int execve(const char *filename, char *const argv,
char *const envp);
execve() executes the program pointed to by filename. filename must be
either a binary executable, or a script starting with a line of the
form "#! interpreter [arg]". In the latter case, the interpreter must
be a valid pathname for an executable which is not itself a script,
which will be invoked as interpreter [arg] filename.
argv is an array of argument strings passed to the new program. envp
is an array of strings, conventionally of the form key=value, which are
passed as environment to the new program. Both argv and envp must be
terminated by a null pointer. The argument vector and environment can
be accessed by the called program's main function, when it is defined
as int main(int argc, char *argv, char *envp).
execve() does not return on success, and the text, data, bss, and stack
of the calling process are overwritten by that of the program loaded.
The program invoked inherits the calling process's PID, and any open
file descriptors that are not set to close-on-exec. Signals pending on
the calling process are cleared. Any signals set to be caught by the
calling process are reset to their default behaviour. The SIGCHLD sig-
nal (when set to SIG_IGN) may or may not be reset to SIG_DFL.
If the current program is being ptraced, a SIGTRAP is sent to it after
a successful execve().
If the set-user-ID bit is set on the program file pointed to by file-
name, and the calling process is not being ptraced, then the effective
user ID of the calling process is changed to that of the owner of the
program file. i Similarly, when the set-group-ID bit of the program
file is set the effective group ID of the calling process is set to the
group of the program file.
The effective user ID of the process is copied to the saved set-user-
ID; similarly, the effective group ID is copied to the saved set-group-
ID. This copying takes place after any effective ID changes that occur
because of the set-user-ID and set-group-ID permission bits.
If the executable is an a.out dynamically-linked binary executable con-
taining shared-library stubs, the Linux dynamic linker ld.so(8) is
called at the start of execution to bring needed shared libraries into
memory and link the executable with them.
If the executable is a dynamically-linked ELF executable, the inter-
preter named in the PT_INTERP segment is used to load the needed shared
libraries. This interpreter is typically /lib/ld-linux.so.1 for bina-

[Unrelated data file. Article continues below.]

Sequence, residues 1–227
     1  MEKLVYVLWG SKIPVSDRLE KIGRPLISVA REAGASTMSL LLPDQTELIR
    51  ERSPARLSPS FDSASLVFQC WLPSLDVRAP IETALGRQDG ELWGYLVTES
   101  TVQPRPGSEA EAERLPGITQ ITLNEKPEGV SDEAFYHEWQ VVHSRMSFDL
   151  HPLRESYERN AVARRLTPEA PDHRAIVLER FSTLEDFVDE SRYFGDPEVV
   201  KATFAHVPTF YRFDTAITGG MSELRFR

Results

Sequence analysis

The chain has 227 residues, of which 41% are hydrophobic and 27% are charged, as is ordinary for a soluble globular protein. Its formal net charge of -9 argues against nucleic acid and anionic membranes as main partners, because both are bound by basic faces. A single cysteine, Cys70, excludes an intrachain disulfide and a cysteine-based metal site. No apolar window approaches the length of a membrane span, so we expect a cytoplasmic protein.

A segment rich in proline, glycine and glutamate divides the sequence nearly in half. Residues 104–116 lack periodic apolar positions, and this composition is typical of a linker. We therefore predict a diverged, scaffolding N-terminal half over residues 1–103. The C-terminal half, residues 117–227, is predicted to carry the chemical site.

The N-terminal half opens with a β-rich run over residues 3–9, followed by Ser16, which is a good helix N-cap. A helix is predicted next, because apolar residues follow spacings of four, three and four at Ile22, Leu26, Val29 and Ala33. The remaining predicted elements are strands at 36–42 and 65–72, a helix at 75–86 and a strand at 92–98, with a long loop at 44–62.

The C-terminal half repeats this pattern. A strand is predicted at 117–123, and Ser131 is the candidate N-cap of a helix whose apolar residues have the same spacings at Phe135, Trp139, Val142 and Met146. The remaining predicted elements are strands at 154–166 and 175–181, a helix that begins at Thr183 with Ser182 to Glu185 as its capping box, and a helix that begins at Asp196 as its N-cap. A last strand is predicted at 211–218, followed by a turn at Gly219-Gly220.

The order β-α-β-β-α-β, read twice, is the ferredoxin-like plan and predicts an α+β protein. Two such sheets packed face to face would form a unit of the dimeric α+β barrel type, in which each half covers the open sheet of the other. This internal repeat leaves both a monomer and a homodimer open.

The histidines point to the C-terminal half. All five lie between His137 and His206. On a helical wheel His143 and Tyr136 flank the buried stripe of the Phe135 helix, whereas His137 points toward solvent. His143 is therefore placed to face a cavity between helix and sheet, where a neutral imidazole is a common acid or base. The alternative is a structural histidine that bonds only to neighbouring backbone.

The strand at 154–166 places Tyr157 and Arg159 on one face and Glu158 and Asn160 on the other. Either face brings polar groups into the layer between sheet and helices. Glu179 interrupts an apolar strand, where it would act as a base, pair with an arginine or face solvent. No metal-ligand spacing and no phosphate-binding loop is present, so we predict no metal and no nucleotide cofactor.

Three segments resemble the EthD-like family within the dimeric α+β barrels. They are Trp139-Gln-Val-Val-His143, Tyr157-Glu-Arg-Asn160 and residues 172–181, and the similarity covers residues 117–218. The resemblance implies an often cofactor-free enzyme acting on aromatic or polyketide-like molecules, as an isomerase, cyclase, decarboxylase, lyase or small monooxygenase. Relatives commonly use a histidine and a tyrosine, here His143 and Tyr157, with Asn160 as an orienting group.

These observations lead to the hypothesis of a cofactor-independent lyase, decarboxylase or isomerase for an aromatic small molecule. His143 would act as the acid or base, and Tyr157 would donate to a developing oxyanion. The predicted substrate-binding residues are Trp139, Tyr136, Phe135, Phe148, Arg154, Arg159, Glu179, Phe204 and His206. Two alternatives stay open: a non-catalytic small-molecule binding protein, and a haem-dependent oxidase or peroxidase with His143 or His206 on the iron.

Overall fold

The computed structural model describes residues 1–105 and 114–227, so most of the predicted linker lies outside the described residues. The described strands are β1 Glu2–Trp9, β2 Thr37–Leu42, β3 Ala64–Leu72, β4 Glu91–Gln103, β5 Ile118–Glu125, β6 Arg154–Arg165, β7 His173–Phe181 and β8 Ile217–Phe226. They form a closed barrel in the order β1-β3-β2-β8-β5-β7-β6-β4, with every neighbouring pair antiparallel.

ries linked with the Linux libc version 5, or /lib/ld-linux.so.2 for
EACCES The file or a script interpreter is not a regular file.
EACCES Execute permission is denied for the file or a script or ELF
EACCES The file system is mounted noexec.
EFAULT filename points outside your accessible address space.
EINVAL An ELF executable had more than one PT_INTERP segment (i.e.,
tried to name more than one interpreter).
EIO An I/O error occurred.
EISDIR An ELF interpreter was a directory.
An ELF interpreter was not in a recognised format.
ELOOP Too many symbolic links were encountered in resolving filename
or the name of a script or ELF interpreter.
EMFILE The process has the maximum number of files open.
filename is too long.
ENFILE The system limit on the total number of open files has been
ENOENT The file filename or a script or ELF interpreter does not exist,
or a shared library needed for file or interpreter cannot be
An executable is not in a recognised format, is for the wrong
architecture, or has some other format error that means it can-
not be executed.
ENOMEM Insufficient kernel memory was available.
A component of the path prefix of filename or a script or ELF
interpreter is not a directory.
EPERM The file system is mounted nosuid, the user is not the supe-
ruser, and the file has an SUID or SGID bit set.
EPERM The process is being traced, the user is not the superuser and
the file has an SUID or SGID bit set.
some will just ignore the SUID/SGID bits and exec() successfully.
A maximum line length of 127 characters is allowed for the first line
in a #! executable shell script.
With Unix V6 the argument list of an exec() call was ended by 0, while
the argument list of main was ended by -1. Thus, this argument list was
not directly usable in a further exec() call. Since Unix V7 both are
chmod(2), fork(2), path_resolution(2), ptrace(2), execl(3), fexecve(3),
Linux 2.6.7 2004-06-23 EXECVE(2)